Note that the size of each word corresponds to the number of times it appears in titles in that period — the larger it is, the more it is used. I have not combined words with the same root and nor have I combined singular and plural versions of the same word. I have made everything lowercase for the sake of simplicity though (otherwise ‘Synthesis’ appears as a separate entry to ‘synthesis’). Also, the number of papers published varies a lot between decades, so comparing the sizes of words between different clouds is meaningless.

This is what I found:



So, chemists at the start of the 20th century (yes, I know the century started on January 1st, 1901, but just go with it) were a determined bunch who liked to study milk, oil, wheat, sugar and urine — perhaps not all at the same time. Also, note the presence of a decent-sized ‘sulphur’. Yes, sulphur, with a ‘ph’. And remember, this is JACS, with all its American-ness. There’s not a hint of a ‘sulf’ to be found in JACS titles in this decade!



Still a healthy dose of determination, but also a lot of acid. And now ‘sulphur’ has become ‘sulfur’ — in fact, there are 143 ‘sulf’-based words and only 17 ‘sulph’ ones in titles from this decade.



Acid still looms large, but a lot of derivatives and compounds now too. Note that there is a lot more preparation than there is synthesis.



Seriously, what is it with chemists and acid? Compounds and derivatives remain popular and it seems as though synthesis is catching up a little with preparation.



The age of synthesis is upon us. And note the appearance of the word ‘spectra’ too. Also, ‘esters’, what’s going on there?



Synthesis remains dominant, but words such as ‘kinetics’ and ‘mechanism’ are growing larger, suggesting that there is an increasing drive to understand reactions as well. And ‘stereochemistry’ rears its head in the cloud for the first time.



Synthesis is not quite as prominent in the 1960s, but still a popular word in the titles of JACS papers. A new (and quite prominent) entry is ‘resonance’, along with ‘magnetic’, and note that both ‘nuclear’ and ‘proton’ are there too, reflecting the growing use of NMR as a technique to characterize chemical compounds. Another notable entry: ‘carbonium’ (the old name for carbocations), which was an active area of research at this time.



Chemists’ fascination with acid finally seems to be wearing off somewhat. And ‘complexes’ is now much more prominent. I suspect that this is a result of host–guest chemistry really taking off in the 1970s and the word ‘complex’ being associated with many more things than just traditional metal-coordination compounds.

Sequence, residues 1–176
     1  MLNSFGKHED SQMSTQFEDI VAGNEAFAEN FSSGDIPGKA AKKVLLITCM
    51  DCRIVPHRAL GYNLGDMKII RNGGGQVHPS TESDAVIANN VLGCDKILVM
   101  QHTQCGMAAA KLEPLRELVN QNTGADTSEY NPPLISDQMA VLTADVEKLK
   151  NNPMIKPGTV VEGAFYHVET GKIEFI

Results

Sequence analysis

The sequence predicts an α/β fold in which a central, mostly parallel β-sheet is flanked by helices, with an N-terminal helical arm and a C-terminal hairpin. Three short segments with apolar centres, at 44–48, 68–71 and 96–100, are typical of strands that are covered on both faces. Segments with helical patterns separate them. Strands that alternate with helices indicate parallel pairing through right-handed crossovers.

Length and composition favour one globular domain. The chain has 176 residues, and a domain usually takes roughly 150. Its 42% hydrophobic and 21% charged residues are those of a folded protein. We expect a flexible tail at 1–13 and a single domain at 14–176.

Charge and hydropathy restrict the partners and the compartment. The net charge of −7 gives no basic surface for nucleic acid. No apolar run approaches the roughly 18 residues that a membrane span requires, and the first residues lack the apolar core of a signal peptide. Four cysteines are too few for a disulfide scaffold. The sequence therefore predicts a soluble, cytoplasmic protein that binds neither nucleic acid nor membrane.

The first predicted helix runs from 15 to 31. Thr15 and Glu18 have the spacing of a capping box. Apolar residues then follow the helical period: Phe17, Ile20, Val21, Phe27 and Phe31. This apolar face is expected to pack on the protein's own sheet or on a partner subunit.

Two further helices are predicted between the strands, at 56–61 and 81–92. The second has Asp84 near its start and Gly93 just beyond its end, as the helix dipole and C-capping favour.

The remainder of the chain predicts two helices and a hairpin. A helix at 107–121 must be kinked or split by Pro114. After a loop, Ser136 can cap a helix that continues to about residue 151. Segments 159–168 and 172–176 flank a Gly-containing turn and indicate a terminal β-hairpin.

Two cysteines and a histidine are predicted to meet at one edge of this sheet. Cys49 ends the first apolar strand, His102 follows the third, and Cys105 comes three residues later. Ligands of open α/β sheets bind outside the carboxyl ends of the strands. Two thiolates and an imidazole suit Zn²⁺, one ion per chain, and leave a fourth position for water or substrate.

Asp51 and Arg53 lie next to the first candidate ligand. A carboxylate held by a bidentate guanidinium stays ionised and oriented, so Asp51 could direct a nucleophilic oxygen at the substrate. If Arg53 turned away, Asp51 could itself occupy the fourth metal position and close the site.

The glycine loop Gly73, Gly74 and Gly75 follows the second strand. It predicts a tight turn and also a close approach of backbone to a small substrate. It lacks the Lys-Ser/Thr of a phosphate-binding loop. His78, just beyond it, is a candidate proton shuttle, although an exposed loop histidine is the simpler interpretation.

There’s a fairly sizeable entry for ‘total’, and the vast majority of time it is used in the context of ‘total synthesis’ — and ‘synthesis’ itself dominates once more. Also note that the popularity of the word ‘via’ is increasing and both ‘novel’ and ‘new’ are well used (‘new’ seems to be a fairly constant presence in titles throughout the decades).



There’s still an awful lot of synthesis going on.



Nanotubes and nanoparticles make an appearance in the top 150 for the first time — nano comes of age? Other notable first-time entries (although small) are ‘supramolecular’, ‘self-assembly’ and ‘quantum’; I’m a little surprised it took so long.



Synthesis remains at the top, but look at the topics creeping into the top 150. ‘Metal–organic’ and ‘framework’ heralds the growing popularity of MOFs and it’s easy to miss, but there is also a little innocuous ‘graphene’ creeping into the picture at the bottom. ‘C–H’ is growing in size too, which is usually found in titles in the context of C–H activation. And finally, chemists’ love of ‘via’ is sealed!

To summarize, here are the top-ten words for each period:


(EDIT added June 3rd: I forgot to mention when I first posted this that for the top-ten lists I did combine simple singular and plural versions of the same word, so ‘reaction’ is actually ‘reaction’ and ‘reactions’ combined. Same goes for study/studies, complex/complexes, acid/acids and some of the others. What I did not do, however, is go beyond that and combine words that share the same root, so ‘synthesis’ and ‘synthetic’ have not been counted together and nor have ‘molecule’ and ‘molecular’, for example.)

Just to give you a sense of scale, if you don’t exclude the really common words, the top-20 words for the last full decade (2000-2009) are shown below (and remember that the words are scaled relative to the number of times they appear – the larger the word, the more times they appear in JACS titles).


So, the most common word in JACS titles is probably ‘of’ or, more meaningfully, ‘synthesis’.

(EDIT added June 3rd: there’s now a follow-up post, with some cautionary notes about word clouds and how they can miss some concepts…)